Jackson: convention kingmaker? His new strength could break a delegate stalemate between Dukakis and Gore
JESSE JACKSON is now playing at a whole new level of the game. He has moved from a symbolic candidacy in 1984, to a second-tier league unto himself in the early 1988 contests, to a solid second place in the overall race for the Democratic presidential nomination.
Mr. Jackson's share of delegates - while not likely to win him the Democratic nomination - will make it very difficult for anyone else to sew up the nomination by the end of primary-and-caucus season.
That would leave the leading candidates to barter among themselves over the nomination.
If Michael Dukakis and Albert Gore Jr. finish the season at all close in delegate count, ``then Jackson could give the nomination to either one,'' says William Galston of the Roosevelt Center for American Policy Studies.
What Jackson will want for his delegates has become a subject for rampant speculation with few clues from the candidate. The range of possibilities runs from a quiet accord with the future nominee that Jackson and blacks would have a voice in a Democratic presidency to a spot on the ticket for Jackson.
Most Democratic strategists doubt that Jackson will ask to be a running mate. They frankly hope not, and say they believe he knows he would doom the ticket in November.
There is no sign from the Jackson campaign or his allies that he has considered any goal but winning the presidency itself.
This remains unlikely. Jackson fulfilled the most optimistic expectations on Super Tuesday, winning four states and 370 delegates to Mr. Dukakis's 382 and Mr. Gore's 323. But this was also his big day of the season, because his base of black voters is most concentrated in the South.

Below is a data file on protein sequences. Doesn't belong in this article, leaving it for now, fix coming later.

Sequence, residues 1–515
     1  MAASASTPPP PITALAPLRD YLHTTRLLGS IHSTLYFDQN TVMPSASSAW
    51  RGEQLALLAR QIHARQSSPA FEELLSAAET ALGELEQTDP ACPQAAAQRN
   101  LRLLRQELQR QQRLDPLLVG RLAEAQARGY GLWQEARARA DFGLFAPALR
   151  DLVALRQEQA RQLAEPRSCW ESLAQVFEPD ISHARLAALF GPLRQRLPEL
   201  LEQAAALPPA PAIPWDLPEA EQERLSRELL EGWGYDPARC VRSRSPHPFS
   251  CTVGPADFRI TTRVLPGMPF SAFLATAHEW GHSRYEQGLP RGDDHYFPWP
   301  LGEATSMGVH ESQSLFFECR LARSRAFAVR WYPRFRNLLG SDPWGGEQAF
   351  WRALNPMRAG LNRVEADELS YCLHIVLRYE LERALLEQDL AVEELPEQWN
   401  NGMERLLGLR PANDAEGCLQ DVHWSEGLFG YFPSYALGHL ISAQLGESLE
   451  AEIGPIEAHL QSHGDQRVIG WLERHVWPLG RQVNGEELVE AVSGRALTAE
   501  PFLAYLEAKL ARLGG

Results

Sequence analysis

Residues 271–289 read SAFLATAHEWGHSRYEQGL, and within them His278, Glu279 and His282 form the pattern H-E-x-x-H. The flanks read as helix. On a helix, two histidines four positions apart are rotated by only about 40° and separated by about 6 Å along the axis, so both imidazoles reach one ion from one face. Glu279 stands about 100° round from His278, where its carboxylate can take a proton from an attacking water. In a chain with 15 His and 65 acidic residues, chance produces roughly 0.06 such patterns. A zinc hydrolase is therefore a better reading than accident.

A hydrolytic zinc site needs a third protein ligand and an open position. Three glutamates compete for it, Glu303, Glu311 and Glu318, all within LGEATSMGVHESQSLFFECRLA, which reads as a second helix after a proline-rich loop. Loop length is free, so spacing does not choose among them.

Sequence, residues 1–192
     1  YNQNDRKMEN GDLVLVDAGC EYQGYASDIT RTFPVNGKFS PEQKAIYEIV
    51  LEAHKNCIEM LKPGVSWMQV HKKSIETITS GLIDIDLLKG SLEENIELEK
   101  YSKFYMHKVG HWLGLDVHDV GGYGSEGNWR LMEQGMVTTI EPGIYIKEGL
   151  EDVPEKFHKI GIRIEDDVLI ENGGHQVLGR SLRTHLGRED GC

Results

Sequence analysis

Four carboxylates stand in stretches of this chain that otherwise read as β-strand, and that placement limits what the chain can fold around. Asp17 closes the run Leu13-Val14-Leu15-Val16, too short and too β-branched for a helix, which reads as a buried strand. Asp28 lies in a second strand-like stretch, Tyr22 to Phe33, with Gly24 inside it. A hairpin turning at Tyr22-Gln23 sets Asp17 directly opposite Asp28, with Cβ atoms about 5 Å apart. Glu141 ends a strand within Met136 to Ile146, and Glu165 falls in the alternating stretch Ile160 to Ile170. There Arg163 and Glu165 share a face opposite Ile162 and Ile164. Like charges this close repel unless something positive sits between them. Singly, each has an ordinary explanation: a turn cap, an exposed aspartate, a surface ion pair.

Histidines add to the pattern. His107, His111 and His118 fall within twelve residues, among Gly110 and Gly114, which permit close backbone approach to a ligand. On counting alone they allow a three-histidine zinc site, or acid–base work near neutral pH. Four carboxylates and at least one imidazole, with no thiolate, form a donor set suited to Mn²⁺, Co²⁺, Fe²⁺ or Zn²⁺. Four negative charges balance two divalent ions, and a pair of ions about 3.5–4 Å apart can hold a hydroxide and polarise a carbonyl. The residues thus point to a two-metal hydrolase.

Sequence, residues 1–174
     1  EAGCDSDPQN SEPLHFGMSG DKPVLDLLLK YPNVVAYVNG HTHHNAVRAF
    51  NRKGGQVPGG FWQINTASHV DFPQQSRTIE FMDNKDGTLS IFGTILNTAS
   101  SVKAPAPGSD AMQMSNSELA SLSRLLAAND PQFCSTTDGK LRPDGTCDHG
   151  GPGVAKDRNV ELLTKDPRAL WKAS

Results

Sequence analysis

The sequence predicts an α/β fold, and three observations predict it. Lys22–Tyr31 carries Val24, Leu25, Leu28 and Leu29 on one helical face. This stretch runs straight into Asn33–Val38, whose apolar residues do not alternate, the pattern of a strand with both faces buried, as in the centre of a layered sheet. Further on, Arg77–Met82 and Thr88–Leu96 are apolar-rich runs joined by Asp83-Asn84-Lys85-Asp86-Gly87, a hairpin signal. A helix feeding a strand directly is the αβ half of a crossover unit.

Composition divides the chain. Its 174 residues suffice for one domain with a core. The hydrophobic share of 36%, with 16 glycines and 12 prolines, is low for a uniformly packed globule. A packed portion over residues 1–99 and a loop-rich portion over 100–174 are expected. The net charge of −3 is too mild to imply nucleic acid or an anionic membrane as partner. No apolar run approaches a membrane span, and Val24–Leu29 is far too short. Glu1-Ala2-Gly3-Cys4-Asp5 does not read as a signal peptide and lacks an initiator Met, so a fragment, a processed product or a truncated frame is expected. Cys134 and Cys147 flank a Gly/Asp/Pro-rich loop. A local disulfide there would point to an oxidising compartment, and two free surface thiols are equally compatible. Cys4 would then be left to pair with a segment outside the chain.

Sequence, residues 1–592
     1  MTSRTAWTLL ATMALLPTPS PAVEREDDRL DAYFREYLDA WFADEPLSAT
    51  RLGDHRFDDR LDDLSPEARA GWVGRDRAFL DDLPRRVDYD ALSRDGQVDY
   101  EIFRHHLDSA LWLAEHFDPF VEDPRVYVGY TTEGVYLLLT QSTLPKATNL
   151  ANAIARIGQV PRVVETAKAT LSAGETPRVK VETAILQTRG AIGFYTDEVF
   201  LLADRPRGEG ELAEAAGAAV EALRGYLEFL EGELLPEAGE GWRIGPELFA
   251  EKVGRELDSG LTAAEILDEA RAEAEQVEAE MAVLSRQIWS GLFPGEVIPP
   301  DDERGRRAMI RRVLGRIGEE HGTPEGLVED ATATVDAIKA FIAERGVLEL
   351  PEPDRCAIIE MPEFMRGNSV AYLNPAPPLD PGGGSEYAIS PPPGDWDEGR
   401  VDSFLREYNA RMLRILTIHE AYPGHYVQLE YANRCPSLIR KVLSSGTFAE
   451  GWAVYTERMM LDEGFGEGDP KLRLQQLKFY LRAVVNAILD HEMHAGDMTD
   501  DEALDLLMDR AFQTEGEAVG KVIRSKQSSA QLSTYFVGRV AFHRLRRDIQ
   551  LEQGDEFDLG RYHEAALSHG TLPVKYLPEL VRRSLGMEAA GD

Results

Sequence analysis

Jackson's immediate future looks promising. His parting shot in the South comes in the South Carolina caucuses this Saturday, which he won in 1984 and should easily carry again. Next Tuesday, the election arrives in Illinois, Jackson's adopted home state.
Jackson is expected to do moderately well in Illinois, chiefly by carrying Chicago congressional districts. John S. Jackson, a political scientist at Southern Illinois University, sees Jackson finishing second to native-son Paul Simon in Illinois's ``beauty contest'' preference vote, but winning perhaps 15 to 18 of the 187 delegates at stake.
Mark Siegel, a consultant to the Democratic National Committee, sees Jackson winning big delegate chunks in Michigan, New York, Pennsylvania, California, and New Jersey. Potentially, he figures, Jackson could accumulate some 850 to 900 delegates of the 2,082 needed to nominate.
The importance of Jackson's showing, Mr. Siegel says, ``is that it's almost impossible for Dukakis to win the Democratic nomination on primaries and caucuses alone.''
If Dukakis wins about 50 percent of the remaining delegates, as Siegel predicts, and collects about half of the 685 uncommitted delegates, he would still be several hundred short of the nomination.
The most obvious scenario then has Dukakis offering Gore the running-mate spot. The ticket thus gains the nomination through Gore's delegates and a better shot at the presidency through Gore's now proved appeal to Southern moderates.
But Jackson could throw in some different options. If Gore has around 1,300 delegates, then Jackson's delegates could tip the nomination to either Gore or Dukakis.
What will Jackson want in return?
``Nobody knows,'' says Mr. Galston, Mondale's issues director in 1984. ``This is a man who makes things up on the run, who is infinitely flexible on strategy.''
Siegel says that any public deals struck with Jackson (or anyone else) would be disastrous for the Democrats. He expects that Jackson ``will accept on good faith a commitment by our nominee that Jesse Jackson and black Democrats will have a voice in a Democratic presidency.''
In the overall delegate tally, Dukakis leads with 455.5. Jackson follows with 393.55. Gore is third with 347.8. Richard Gephardt has dropped back sharply with 143.
Jackson finished first Tuesday in Louisiana, Mississippi, Georgia, and Virginia. Exit polls showed him performing significantly better among white voters than in 1984, but still well below 10 percent in most districts.
His widening base, analysts say, is another sign that his candidacy is coming of age. ``He's a player, he's earned it,'' Siegel says.